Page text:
069_devildeepblueseaTITLE: Between the Devil and the Deep Blue Sea (Between, #1)

AUTHOR: April Genevieve Tucholke

GENRE: YA Fantasy/Paranormal

PUBLISHED: 2013, Penguin Young Readers Group

SOURCE: Digital ARC via Netgalley

Nothing much exciting rolls through Violet White’s sleepy, seaside town…until River West comes along. River rents the guesthouse behind Violet’s crumbling estate, and as eerie, grim things start to happen, Violet begins to wonder about the boy living in her backyard. Is River just a crooked-smiling liar with pretty eyes and a mysterious past? Or could he be something more? (via Goodreads)

Violet has a complicated relationship with the enigmatic stranger who calls himself River West, and I have a complicated relationship with this book. On the one hand, I can’t help but praise the genuine creepiness — these are some of the most well-crafted chills I’ve experienced in a while. But on the other hand, I have all these underlying issues with the characters and with the big plot twist that just leave me equal parts enraged and confused. Between the Devil and the Deep Blue Sea was on my list of highly anticipated releases this year, but now that I’ve finished reading I have to admit I was a bit disappointed.


Emma: A Latter-day Tale

August 17th, 2013 | Posted by Alix in Chick Lit | Review - (6 Comments)


TITLE: Emma: A Latter-Day Tale

AUTHOR: Rebecca H. Jamison

GENRE: Chick lit

FORMAT: Digital ARC, 258 pages (Bonneville)

RELEASE DATE: August 13th, 2013

Emma isn’t so good at the whole life-coaching thing. Her first client ended up with a broken heart and is threatening to relapse into bad habits. Now Emma has problems of her own to deal with, and they all start with one name: Justin. Justin is her best friend, so it’s hard for Emma not to feel betrayed when she suspects he’s falling for her childhood rival. And she knows she’s losing him despite her best efforts. How is she supposed to help other people when she’s drowning in her own failures? (taken from NetGalley)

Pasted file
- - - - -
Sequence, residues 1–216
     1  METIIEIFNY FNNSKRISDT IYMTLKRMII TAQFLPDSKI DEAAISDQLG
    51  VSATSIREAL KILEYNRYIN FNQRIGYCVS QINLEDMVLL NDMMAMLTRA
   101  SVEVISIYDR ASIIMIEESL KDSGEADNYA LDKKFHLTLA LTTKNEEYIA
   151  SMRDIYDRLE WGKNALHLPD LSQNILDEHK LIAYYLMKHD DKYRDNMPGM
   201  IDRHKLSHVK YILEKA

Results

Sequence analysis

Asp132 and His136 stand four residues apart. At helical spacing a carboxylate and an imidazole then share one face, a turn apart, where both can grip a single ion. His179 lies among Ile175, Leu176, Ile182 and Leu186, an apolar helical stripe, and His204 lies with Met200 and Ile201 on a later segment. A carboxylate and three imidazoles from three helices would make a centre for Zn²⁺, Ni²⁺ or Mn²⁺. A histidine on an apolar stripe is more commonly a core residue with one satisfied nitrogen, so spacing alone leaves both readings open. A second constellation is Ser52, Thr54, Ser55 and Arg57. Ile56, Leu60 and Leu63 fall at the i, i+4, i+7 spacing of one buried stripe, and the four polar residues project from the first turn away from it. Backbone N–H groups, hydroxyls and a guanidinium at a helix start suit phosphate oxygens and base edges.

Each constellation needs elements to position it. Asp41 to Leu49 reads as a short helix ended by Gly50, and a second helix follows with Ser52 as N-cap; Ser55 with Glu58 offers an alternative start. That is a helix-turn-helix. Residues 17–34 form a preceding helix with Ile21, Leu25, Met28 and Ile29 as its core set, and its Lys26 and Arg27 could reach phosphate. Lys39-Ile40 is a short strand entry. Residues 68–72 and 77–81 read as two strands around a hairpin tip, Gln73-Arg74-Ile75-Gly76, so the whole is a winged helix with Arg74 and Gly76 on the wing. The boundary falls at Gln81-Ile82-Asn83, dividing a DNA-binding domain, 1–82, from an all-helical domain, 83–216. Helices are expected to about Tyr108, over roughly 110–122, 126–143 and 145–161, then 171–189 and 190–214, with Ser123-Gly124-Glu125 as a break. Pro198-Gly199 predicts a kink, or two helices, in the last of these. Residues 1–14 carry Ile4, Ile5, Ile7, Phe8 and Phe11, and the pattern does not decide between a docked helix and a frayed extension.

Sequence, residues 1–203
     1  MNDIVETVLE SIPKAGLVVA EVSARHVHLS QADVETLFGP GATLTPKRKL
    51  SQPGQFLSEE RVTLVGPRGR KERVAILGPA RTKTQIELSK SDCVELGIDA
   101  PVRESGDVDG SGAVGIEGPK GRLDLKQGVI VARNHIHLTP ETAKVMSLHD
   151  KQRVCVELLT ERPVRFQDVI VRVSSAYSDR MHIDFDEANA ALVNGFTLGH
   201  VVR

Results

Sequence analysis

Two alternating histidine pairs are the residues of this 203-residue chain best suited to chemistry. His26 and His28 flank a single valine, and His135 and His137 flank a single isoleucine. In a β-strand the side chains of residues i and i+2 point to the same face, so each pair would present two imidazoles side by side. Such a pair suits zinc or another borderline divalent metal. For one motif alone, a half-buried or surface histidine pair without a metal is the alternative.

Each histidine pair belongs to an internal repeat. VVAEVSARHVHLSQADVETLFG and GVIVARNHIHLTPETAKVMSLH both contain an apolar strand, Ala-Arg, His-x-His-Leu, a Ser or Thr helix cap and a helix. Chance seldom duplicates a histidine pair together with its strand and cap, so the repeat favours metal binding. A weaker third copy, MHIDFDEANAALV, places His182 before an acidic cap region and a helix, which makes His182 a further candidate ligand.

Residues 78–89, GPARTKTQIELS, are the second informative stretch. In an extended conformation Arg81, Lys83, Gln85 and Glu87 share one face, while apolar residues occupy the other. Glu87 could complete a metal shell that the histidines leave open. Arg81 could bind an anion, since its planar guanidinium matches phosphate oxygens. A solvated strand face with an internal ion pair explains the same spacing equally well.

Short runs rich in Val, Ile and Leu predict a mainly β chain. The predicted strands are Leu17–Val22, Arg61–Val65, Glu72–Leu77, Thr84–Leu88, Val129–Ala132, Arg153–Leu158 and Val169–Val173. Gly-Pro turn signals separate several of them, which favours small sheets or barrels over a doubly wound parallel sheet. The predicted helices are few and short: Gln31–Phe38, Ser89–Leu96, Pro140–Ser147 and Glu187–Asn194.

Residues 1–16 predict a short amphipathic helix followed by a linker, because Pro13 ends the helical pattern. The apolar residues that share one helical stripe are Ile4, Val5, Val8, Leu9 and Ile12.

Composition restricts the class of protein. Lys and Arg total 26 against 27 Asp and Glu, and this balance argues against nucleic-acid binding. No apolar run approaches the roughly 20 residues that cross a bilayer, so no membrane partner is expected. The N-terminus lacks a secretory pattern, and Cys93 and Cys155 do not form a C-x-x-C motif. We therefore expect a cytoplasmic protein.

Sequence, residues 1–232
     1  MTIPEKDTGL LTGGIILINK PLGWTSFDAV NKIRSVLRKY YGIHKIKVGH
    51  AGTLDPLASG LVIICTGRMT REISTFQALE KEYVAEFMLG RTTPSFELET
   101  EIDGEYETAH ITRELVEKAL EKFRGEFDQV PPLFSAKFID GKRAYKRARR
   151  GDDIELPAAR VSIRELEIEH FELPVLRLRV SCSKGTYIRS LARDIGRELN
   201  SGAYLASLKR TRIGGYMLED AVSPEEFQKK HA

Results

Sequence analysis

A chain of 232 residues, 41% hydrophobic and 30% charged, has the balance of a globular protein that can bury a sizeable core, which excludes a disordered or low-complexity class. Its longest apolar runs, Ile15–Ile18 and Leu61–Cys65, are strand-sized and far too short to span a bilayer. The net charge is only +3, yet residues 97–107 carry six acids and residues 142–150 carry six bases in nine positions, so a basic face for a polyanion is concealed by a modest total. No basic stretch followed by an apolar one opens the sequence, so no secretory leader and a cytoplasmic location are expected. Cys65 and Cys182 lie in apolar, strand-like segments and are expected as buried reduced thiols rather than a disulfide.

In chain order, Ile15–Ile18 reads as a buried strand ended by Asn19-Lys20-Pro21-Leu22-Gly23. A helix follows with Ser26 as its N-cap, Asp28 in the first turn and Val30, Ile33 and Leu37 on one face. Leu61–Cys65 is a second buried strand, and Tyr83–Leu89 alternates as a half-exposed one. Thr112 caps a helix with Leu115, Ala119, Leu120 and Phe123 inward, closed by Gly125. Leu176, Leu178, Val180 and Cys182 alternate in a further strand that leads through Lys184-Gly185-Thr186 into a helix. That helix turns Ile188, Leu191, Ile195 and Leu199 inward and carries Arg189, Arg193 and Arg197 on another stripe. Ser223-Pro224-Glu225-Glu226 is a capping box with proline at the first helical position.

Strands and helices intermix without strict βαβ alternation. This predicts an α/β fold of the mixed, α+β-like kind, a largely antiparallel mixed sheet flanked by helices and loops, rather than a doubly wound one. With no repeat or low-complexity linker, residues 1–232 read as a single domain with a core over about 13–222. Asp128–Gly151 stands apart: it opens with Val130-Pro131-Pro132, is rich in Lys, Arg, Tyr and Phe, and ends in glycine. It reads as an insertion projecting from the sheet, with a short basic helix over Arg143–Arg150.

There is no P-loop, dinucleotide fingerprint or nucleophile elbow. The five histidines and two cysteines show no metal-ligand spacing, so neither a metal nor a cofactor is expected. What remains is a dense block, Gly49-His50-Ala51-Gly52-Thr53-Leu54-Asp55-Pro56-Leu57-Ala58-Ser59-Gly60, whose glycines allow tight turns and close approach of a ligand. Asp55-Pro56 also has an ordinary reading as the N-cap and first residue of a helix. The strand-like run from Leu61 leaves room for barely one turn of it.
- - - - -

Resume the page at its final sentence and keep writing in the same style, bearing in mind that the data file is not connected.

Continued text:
I was so excited to see an adaption of Jane Austen’s Emma that I completely missed the “Latter-day” double entendre in the title. Yes it is a reference to the Church of Latter-day Saints (Mormon). I think the fact that I am also from a non-religious background (and only read non-fiction based books about religion) might have played a role in my lack of recognition. Either way, I was quite surprised when I realized this connection.

The references to Mormonism (church attending, calling each other “Brother”, “Sister”) and probably a bunch of other things that passed over my head from my lack of knowledge about it didn’t bother me. It ended up being just part of the larger context of the story. I wasn’t into it but it didn’t turn me off the book either. What I did struggle with was towards the end of the story, after Emma creates conflict with her friends and wants to change, the book took a turn into relying heavily on religious elements (praying, following the path of Christ, God’s plan, etc). I just can’t relate to it and for me, it disconnected me completely from Emma and the story.

The Boy Who Could See Demons

August 16th, 2013 | Posted by Paola in Fiction | Review - (4 Comments)

seedemonsTITLE: The Boy Who Could See Demons

AUTHOR: Carolyn Jess-Cooke

GENRE: Fiction/Literature (Adult)

RELEASE DATE: August 13, 2013, Delacorte Press

SOURCE: Digital ARC (Netgalley)